The melomakarona is an egg-shaped Greek dessert consisting of flour or semolina, sugar, orange zest and/or fresh juice, cognac (or similar beverage), cinnamon and olive oil. During rolling they are often filled with ground walnuts. made mainly from flour, olive oil, and honey. Along with the kourabiedes, it is a traditional dessert prepared primarily during the Christmas holiday season. They are also known as Finikia in some Greek regions.
Analida Braeger, the creator at Analida’s Ethnic Spoon food blog loves these traditional Greek Christmas cookies. “The Greek Church in my town hosts an annual Greek Festival during the first week of July. It’s always very hot outside, but no one seems to mind. Sometimes the traffic is backed up over a mile away. The grounds are packed with thousands of people eating mouthwatering Greek food, drinking ouzo, dancing to traditional music, and shopping for Greek products, foods, and wares. One item that has stood out for me year after year were these famous melomakarona cookies,” she says.
“After I had my share of savory Greek foods at the festival, it was time for the desserts. These sweet cookies were served on a plate with three other Greek desserts. They stood out because they smelled and tasted just like honey. Once I returned home, I knew I had to learn how to make the recipe. Now I’m able to share them with you, and I know you’ll want to make and enjoy them all year long. Melomakarona is a combination of the two words ‘meli,’ which means honey and ‘makarona.’ ‘Makarona’ comes from the ancient word, ‘makaria’ and means blessed,” she adds.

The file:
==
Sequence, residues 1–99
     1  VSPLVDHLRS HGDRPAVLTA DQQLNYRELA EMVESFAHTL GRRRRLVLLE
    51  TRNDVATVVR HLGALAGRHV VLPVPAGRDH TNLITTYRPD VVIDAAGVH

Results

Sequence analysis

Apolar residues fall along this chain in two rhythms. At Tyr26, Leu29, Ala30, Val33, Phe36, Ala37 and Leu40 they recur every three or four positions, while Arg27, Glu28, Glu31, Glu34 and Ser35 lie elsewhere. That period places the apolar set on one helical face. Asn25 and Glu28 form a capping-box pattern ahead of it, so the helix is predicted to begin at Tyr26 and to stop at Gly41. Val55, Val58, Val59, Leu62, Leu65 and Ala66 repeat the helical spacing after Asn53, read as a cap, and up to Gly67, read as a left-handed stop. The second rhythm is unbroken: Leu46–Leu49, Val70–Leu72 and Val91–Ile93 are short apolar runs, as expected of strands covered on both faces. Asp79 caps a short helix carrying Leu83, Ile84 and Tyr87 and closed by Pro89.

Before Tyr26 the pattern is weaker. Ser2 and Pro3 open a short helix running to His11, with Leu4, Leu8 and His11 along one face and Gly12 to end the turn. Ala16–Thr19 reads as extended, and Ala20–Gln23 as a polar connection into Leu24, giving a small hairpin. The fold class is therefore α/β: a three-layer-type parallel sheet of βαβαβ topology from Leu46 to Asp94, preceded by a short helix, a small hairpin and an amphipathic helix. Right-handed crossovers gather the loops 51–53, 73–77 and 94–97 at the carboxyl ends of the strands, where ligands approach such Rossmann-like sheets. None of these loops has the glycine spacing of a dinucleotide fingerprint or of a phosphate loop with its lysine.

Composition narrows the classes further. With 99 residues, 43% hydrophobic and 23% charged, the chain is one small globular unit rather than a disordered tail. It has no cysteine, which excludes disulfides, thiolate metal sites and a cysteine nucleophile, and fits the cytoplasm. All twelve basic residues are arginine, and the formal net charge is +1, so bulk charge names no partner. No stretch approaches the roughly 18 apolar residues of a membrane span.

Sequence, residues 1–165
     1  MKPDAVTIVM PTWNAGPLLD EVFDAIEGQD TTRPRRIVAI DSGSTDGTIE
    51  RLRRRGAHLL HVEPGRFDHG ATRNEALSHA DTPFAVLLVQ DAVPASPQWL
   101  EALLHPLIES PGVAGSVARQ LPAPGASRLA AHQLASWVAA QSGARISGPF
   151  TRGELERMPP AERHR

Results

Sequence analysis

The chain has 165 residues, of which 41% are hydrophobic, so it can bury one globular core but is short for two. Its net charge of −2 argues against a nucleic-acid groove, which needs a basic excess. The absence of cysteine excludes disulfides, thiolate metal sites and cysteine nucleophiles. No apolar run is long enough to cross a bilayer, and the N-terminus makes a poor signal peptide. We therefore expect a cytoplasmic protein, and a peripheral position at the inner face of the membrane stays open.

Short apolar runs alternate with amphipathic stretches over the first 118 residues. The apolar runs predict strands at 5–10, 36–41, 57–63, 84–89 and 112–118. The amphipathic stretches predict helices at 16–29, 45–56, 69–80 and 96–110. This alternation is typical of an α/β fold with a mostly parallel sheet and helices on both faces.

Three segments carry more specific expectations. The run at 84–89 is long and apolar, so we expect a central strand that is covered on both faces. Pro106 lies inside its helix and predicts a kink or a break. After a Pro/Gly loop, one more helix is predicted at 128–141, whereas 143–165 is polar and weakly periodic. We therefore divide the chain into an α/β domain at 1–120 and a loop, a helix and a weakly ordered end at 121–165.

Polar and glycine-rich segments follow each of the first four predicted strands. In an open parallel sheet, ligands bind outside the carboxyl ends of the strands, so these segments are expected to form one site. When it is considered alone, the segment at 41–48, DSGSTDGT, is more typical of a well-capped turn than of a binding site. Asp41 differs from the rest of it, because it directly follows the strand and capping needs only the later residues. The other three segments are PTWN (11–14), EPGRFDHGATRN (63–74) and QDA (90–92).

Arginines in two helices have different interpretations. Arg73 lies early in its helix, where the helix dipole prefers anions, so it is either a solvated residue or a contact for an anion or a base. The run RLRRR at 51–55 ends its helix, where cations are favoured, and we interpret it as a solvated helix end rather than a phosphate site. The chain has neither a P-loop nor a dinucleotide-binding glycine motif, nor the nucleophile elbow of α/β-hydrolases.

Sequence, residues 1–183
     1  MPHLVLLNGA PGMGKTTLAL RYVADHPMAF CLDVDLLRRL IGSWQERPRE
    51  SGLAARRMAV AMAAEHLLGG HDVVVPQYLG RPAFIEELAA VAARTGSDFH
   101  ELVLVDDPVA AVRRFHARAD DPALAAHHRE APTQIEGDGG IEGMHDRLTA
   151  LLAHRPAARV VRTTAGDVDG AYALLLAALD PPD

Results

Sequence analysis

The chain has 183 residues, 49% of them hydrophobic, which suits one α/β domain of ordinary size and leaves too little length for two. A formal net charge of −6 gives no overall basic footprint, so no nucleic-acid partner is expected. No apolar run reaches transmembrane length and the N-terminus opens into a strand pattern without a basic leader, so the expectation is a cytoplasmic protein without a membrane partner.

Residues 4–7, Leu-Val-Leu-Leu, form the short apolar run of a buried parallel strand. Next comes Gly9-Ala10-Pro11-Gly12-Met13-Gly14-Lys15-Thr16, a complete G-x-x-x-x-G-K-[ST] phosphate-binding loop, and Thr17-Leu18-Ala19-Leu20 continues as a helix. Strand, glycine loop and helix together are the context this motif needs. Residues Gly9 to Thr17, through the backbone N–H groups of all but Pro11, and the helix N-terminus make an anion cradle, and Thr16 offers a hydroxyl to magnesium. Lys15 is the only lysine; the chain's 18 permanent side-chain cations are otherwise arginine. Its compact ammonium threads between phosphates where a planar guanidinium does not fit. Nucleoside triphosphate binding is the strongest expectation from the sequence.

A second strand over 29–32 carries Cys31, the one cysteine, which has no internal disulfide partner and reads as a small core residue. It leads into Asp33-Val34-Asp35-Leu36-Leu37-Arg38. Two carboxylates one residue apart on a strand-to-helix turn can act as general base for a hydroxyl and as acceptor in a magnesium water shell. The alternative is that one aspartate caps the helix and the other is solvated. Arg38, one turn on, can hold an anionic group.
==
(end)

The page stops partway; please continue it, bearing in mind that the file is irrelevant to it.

Rob Waters writes, “Few countries love honey and revere beekeepers more than Greece, and perhaps no country has a deeper history in this craft. It’s woven throughout Greek mythology and cooking.” In Greek mythology, bees were supposed to be the messengers of the gods and honey to be a source of wisdom and poetry. Honey was rumored to provide unbelievable powers. Therefore, in the Iliad and Odyssey of Homer it was mentioned, that the gods of Olympus lived on honey (nectar) and honey wine (ambrosia). In Greek the word “nectar” means “victory over death,” and Ambrosia stands for “immortality.” It is said that Aphrodite, the Greek goddess of beauty, used honey and beeswax for her beauty masks.
“These cookies are moist, crisp and bursting with flavor. Your home will be filled with the smells of Christmas with orange, honey, cinnamon, and cloves. Everyone will enjoy them, and trust me, these cookies will disappear in a blink,” says Analida.
“I have a few tips for you to make sure they turn out perfect every time,” says Analida. “First, you’ll want to make sure your syrup is totally cooled when your Greek cookies come out of the oven. I recommend making it first. You can even make it the day before. It will keep just fine in the fridge.”